Neurodivergent people have often had a lifetime of being misunderstood and having harsh judgments and criticisms placed on them. They can be seen as difficult characters and are treated as such. This is hard for people whose self-esteem was well nurtured in their childhoods let alone those who had less nurturing. It can also be very different for the different sexes. Women mask (try and cover up their ND traits) their neurodiversity more than men for a number of reasons and it can be helpful to look at masking and ask the question “Is this putting unnecessary pressure on you?”,  “Is it your authentic self?”, “How hard is it to not present being your authentic self most of the time?”


How can counselling help? 

Counselling can help you to work through your neurodiverse world and how it relates to you. Your own personal story is a good way to start. It can help you make associations with episodes of life that were influenced by diversity and recognise and accept it. Sometimes these revelations can help us to feel less guilty or unashamed of being non-typical in a neurotypical world and offer a look at ways to cope.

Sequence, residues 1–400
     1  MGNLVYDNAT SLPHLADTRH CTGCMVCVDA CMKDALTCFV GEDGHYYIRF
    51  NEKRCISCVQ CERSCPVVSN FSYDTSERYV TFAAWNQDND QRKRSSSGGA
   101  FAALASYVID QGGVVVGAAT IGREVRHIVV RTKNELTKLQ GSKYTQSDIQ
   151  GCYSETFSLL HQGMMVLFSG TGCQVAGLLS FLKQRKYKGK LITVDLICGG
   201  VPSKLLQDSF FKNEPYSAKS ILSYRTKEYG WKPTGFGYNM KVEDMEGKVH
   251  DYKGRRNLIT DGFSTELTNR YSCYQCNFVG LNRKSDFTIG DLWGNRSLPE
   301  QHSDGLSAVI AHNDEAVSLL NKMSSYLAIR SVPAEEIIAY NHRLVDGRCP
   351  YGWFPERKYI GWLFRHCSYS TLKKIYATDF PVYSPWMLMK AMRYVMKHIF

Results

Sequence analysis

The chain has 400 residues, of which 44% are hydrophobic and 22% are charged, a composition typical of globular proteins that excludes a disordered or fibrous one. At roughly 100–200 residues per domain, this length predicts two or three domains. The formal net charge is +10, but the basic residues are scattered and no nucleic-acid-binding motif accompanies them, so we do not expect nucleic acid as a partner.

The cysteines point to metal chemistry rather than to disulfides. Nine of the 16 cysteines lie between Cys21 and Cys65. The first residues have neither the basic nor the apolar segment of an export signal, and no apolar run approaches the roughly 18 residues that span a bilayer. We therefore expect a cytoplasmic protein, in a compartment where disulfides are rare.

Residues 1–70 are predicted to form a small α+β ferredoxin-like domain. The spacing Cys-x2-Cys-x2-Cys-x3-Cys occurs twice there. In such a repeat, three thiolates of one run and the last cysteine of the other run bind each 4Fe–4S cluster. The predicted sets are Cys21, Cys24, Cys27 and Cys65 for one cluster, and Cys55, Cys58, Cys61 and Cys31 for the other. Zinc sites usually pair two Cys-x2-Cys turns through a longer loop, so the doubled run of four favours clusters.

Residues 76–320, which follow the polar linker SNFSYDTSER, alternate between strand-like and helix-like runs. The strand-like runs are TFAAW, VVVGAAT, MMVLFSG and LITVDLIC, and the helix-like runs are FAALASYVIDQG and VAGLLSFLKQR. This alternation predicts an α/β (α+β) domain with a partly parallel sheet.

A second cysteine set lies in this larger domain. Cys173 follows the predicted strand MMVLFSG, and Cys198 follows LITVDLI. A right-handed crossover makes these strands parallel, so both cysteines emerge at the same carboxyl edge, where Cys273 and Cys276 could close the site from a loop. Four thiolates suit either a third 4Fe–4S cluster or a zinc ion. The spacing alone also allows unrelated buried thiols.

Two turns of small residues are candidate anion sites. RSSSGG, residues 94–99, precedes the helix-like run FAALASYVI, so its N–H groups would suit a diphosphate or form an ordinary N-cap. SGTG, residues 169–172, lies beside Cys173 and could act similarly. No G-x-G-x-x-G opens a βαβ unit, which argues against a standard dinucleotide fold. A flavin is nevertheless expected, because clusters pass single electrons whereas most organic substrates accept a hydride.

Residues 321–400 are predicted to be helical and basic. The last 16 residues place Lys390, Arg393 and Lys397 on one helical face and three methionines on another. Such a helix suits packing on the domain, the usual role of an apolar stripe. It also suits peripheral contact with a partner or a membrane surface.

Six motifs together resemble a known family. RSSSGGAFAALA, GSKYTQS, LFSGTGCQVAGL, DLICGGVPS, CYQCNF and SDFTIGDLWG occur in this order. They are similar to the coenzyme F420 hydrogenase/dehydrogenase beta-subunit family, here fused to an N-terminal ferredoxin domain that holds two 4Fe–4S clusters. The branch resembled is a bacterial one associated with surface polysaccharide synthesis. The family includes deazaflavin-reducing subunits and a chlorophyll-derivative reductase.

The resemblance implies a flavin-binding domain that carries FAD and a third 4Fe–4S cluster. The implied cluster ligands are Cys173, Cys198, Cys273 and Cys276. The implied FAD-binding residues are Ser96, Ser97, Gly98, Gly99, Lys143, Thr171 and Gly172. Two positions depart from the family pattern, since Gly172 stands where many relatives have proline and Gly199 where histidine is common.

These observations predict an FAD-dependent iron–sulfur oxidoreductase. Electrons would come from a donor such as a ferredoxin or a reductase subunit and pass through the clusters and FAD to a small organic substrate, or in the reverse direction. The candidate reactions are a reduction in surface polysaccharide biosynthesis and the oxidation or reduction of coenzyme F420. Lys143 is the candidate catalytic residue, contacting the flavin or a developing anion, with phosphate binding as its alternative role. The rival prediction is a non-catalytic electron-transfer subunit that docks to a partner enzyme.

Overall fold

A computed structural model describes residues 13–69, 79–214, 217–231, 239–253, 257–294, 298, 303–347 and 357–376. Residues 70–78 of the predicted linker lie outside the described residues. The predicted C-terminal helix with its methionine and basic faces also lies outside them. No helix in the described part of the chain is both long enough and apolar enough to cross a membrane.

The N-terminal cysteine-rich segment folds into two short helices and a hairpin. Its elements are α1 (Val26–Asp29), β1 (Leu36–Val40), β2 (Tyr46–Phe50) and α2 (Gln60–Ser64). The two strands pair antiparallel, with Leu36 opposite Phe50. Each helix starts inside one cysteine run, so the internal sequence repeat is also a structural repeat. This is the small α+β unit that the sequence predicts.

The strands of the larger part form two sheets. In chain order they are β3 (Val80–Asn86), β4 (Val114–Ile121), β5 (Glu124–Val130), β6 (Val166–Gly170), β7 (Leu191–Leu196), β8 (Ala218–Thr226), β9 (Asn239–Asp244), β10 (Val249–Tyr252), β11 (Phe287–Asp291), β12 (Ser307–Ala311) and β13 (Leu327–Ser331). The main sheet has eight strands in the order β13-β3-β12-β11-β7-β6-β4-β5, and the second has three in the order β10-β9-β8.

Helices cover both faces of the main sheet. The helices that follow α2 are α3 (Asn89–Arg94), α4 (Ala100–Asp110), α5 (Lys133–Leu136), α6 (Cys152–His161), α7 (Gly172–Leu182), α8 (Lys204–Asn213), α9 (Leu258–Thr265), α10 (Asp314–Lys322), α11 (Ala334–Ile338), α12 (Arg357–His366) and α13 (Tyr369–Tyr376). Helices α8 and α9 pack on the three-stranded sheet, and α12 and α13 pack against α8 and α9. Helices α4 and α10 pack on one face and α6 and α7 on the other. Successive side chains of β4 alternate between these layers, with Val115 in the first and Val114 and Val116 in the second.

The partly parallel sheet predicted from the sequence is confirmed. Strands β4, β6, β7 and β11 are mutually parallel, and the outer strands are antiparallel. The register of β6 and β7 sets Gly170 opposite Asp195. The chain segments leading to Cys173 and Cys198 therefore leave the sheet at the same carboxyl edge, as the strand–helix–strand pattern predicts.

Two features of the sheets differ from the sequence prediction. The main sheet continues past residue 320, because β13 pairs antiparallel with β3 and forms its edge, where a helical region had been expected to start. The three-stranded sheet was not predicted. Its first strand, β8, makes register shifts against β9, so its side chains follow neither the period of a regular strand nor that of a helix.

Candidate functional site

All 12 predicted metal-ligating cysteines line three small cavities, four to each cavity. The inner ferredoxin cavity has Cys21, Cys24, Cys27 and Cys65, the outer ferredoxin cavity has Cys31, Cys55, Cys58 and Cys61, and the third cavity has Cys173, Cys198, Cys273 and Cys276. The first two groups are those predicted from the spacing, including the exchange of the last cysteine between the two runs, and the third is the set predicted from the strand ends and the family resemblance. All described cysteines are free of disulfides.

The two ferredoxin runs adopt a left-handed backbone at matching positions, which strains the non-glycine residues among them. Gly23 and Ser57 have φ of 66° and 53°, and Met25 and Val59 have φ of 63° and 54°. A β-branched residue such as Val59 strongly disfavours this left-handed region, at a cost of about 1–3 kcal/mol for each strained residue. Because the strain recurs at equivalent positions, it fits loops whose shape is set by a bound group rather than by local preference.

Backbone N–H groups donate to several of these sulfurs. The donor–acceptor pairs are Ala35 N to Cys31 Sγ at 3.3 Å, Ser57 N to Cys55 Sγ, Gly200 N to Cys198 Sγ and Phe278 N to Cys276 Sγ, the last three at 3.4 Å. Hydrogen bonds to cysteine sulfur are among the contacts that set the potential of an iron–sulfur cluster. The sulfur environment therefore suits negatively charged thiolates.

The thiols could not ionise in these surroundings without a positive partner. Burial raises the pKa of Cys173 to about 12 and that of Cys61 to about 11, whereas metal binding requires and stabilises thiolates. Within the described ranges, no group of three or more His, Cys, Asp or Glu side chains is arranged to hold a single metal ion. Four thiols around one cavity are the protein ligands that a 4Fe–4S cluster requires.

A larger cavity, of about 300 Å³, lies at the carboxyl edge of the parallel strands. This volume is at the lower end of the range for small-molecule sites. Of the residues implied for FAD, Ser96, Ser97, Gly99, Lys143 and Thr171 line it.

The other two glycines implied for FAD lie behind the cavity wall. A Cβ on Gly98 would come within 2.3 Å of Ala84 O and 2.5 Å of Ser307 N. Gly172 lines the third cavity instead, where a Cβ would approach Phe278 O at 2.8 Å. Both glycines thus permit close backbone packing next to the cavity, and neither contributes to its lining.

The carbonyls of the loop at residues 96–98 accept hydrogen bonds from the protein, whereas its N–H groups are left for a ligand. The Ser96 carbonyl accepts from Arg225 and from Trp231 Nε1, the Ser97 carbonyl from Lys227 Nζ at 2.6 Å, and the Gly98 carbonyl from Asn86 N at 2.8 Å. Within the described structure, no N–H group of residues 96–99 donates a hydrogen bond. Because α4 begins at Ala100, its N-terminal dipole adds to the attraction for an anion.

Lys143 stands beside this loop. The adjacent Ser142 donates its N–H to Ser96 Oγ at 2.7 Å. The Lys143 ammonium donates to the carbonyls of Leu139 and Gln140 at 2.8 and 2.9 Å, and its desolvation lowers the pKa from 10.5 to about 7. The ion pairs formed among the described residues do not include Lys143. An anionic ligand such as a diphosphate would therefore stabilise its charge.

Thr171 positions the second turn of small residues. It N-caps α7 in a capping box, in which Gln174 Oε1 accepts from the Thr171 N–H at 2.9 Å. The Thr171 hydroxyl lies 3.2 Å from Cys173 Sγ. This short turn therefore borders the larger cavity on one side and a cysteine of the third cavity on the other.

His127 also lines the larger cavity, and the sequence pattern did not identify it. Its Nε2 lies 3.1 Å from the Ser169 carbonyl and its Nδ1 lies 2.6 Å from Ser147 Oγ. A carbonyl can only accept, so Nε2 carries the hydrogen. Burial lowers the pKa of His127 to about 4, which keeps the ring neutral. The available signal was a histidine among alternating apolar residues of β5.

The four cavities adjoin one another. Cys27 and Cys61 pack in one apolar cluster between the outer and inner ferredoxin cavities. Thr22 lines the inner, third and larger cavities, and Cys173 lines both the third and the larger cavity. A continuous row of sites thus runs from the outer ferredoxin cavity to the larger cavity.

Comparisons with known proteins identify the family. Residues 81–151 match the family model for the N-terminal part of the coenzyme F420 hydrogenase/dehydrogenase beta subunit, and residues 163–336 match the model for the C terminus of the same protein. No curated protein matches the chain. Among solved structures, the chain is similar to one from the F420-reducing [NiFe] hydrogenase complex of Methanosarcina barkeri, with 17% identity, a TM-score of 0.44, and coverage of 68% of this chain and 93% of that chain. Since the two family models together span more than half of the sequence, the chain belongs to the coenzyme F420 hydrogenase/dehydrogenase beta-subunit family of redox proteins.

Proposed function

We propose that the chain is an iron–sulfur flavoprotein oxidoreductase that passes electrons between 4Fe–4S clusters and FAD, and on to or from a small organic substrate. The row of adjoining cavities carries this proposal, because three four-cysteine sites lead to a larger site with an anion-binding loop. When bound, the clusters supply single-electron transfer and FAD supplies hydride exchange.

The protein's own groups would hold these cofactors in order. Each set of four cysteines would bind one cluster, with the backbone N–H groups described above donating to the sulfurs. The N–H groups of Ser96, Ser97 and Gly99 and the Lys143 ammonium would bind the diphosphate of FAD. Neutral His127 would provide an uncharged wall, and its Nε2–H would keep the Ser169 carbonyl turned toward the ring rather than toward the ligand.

References

  • 'Girl Remastered' by Jessica Jocelyn

The views expressed in this article are those of the author. All articles published on Counselling Directory are reviewed by our editorial team.

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London, SE1
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Written by Julie Sale, Accredited MBACP, Dip Couns, PTSD Dip, CBT Dip
London, SE1

The recent revelation in neuroscience of the effects of meditation on the brain and proven benefits of meditation have been of interest to me for a long time since 11-years when I discovered the wisdom of Buddhism and led me to wanting to explore more about different cultures and ideals for living.